FOOTBALL runs right through Mike Heath’s life — but not just as the good amateur goalkeeper he has always been.

For Mike, now 64 and from Tyldesley, it has not only been an interest but provided links with Bolton Wanderers FC which still give him a role in the club today.

Born in Leigh and educated at Leigh Boys’ Grammar School, young Mike fostered an early interest in both playing and watching the sport. Regular visits to his grandmother in Blackpool meant his Dad took him along to watch Blackpool FC from the age of seven, but in his teens in the 1970s, he alternated these matches with watching Bolton Wanderers’ home games.

Eventually, he just supported BWFC, glorying in the era of Freddie Hill, Peter Reid and Frank Worthington. At the same time, he joined the Scouts locally (21st Bolton, 1st Hulton) and went from being a Cub right through the movement to Scout leader for many years.

Unsure what to do after A-levels, he decided to follow his dad — a mining surveyor — into surveying and applied to become an apprentice with builders Seddons, then based at Little Hulton.

“Just to show how the interview process has changed, I was asked to write down my name and address — then told they’d see me on the following Monday!” laughed Mike.

That was the start of a lengthy and interesting career with Seddons which spanned 43 years, finishing only two years ago, and saw him retire as a development surveyor working on care homes from East Anglia to Scotland. During his time at Seddons, Mike also played football for the company’s team as goalkeeper — an activity which stopped only a year or two before he retired.

A colleague at Seddons, Roy Cavanagh, was already involved with the Junior Whites at BWFC and, knowing Mike’s Scouting links, asked him to help out with the Junior Whites.

“We were at Burnden Park then and it was all on a voluntary basis,” recalled Mike. “I used to transfer many of the games and activities I’d done with the Cubs and Scouts over to the Junior Whites!”

This active role with them has continued for more than 30 years and seen the Junior Whites move into the professional set-up of the club today at the Macron Stadium.

One of Mike’s main roles originally was looking after the match-day mascots, which he still does, although this has changed out of recognition.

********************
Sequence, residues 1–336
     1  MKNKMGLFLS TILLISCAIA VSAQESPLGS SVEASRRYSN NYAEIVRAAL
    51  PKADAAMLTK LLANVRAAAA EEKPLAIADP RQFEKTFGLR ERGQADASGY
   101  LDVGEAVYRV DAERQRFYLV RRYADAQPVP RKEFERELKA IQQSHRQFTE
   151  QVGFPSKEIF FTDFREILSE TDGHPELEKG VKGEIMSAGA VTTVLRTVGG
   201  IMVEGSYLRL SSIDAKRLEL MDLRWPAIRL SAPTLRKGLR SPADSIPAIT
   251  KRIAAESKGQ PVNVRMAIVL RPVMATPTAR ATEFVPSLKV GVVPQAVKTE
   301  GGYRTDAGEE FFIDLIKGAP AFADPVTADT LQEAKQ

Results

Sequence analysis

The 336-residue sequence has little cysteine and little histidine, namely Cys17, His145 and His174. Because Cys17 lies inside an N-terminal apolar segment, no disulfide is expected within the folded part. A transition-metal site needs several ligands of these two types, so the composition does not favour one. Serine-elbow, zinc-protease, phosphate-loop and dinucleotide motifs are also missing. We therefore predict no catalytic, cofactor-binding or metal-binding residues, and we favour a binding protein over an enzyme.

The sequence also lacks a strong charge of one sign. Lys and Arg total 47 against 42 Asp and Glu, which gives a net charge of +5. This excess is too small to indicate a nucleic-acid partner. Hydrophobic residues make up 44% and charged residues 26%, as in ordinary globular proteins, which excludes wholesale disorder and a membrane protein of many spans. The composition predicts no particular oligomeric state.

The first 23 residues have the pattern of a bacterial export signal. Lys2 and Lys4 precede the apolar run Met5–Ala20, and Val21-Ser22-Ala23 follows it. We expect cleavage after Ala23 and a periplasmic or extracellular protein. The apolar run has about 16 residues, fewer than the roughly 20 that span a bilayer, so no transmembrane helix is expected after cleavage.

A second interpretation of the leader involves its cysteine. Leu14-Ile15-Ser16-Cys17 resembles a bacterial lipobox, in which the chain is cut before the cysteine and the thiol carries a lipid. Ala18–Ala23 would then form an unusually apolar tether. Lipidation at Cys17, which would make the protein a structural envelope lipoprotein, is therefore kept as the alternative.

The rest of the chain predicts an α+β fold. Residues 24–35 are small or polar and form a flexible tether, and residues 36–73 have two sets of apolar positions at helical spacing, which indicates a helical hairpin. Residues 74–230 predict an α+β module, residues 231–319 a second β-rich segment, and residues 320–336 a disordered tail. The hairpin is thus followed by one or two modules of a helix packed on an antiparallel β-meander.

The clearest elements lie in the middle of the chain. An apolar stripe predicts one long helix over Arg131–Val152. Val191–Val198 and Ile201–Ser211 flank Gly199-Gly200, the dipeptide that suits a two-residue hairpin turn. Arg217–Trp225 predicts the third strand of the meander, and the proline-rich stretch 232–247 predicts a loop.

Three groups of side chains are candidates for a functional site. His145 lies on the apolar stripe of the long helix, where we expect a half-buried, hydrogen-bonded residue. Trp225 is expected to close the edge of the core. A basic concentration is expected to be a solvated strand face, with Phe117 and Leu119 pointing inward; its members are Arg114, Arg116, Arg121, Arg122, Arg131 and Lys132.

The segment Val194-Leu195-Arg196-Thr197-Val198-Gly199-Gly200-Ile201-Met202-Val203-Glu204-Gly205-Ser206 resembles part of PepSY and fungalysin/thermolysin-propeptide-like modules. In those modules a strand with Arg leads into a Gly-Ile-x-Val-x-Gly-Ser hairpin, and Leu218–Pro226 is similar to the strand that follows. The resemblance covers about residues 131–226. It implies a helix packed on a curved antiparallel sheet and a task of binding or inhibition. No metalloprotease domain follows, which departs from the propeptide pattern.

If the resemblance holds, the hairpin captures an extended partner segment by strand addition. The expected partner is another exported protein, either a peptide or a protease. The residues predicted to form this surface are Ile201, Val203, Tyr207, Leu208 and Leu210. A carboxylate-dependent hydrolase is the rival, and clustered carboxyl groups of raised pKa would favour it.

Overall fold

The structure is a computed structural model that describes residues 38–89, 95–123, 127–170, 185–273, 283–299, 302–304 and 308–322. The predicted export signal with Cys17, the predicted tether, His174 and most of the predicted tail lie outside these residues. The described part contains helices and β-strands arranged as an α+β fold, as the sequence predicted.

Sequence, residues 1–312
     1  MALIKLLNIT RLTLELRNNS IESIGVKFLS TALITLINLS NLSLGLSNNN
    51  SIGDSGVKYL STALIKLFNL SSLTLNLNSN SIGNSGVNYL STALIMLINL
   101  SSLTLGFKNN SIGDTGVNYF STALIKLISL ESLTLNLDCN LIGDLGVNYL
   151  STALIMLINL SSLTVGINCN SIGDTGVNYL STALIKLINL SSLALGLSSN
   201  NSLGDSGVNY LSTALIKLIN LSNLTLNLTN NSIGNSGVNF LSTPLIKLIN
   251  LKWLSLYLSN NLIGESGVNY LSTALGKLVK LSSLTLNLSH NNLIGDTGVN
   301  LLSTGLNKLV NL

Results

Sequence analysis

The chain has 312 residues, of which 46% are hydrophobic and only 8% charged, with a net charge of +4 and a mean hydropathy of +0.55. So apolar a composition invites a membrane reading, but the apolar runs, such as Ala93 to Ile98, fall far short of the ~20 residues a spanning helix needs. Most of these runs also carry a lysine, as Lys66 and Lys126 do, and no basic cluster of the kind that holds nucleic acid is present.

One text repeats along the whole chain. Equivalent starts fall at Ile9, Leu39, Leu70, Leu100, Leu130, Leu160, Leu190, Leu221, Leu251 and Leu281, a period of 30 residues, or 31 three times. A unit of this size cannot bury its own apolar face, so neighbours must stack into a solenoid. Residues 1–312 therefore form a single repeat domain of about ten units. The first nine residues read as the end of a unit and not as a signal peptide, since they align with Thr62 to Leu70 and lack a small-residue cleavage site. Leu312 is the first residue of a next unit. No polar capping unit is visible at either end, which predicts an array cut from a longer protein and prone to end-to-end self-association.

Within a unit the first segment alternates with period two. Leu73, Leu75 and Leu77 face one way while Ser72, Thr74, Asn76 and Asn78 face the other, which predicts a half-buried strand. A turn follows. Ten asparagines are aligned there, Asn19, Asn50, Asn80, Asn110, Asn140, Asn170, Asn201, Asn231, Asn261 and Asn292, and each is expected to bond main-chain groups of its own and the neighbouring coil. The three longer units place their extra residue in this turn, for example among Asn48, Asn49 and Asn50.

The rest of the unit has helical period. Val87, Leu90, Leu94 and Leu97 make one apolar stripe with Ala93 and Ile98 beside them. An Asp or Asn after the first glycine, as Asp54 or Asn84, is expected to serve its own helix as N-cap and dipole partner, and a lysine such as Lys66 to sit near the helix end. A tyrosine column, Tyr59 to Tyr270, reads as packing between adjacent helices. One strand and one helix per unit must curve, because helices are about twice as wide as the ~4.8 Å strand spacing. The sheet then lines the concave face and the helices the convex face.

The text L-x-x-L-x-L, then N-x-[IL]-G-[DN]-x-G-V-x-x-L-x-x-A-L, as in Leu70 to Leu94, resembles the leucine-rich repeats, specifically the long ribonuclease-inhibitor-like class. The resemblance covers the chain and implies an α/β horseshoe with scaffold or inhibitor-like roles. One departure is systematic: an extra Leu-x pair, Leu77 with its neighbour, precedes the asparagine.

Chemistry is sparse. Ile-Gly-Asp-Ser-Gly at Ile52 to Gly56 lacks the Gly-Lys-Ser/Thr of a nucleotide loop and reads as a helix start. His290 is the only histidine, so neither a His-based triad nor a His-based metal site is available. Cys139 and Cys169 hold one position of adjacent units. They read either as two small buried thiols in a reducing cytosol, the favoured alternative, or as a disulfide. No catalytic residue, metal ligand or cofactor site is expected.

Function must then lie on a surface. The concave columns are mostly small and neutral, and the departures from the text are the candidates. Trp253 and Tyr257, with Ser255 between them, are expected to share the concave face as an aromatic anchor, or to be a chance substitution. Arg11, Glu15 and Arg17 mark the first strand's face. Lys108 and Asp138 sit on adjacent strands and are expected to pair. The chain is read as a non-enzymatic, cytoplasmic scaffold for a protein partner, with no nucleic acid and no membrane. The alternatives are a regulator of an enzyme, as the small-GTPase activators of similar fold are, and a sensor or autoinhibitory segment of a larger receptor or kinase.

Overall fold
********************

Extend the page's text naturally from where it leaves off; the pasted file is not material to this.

“At Burnden, we used to just meet the youngsters outside the stadium and they would go onto the pitch with the players,” explained Mike “Today, it’s a much fuller experience.”

The youngsters, boys and girls usually one to seven children involved, meet Mike two hours before the match in Bolton Whites Hotel and are given refreshments and extensive tours of everything from corporate boxes to the directors’ suite and from the media suite to pitch-side and Lofty the Lion.

Photos are taken of them throughout — if they are lucky, commentator Jack Dearden might even let them put on his headphones and microphone — and they also meet the players who sign their souvenirs.

“The look on the faces of the children when they meet the players is magical,” stated Mike.

It’s also quite an experience for their parents “who are often very excited about the whole thing!”.

Interestingly, Mike is now finding that many of the young mascots’ parents were also mascots.

Mike himself, married to Shirley, has two grown up sons, Darren and Karl who were also mascots and ball-boys when young and joined Mike watching the family’s favourite team.

Today, his interest in football has come full circle and he has returned to playing — this time in the walking football sessions held each week at the USN Bolton Arena nearby, still as goalkeeper.

Alongside his sporting life, however, Mike also developed an early interest in photography and bought his first decent camera when he started work.

He began photographing steam engines and this has become another fascinating hobby which has not only led to him travelling around the country, but also to becoming an award-winning amateur photographer.

Mike has also published 24 books, mainly railway-related, but latterly including handsome hardback books about Manchester and its buildings which have proved popular.

He shares his photography hobby with his sons and is quick to praise their skills.

As for his own, modest Mike summed up himself: “I’ve just been lucky to have enjoyed so many things in my life.”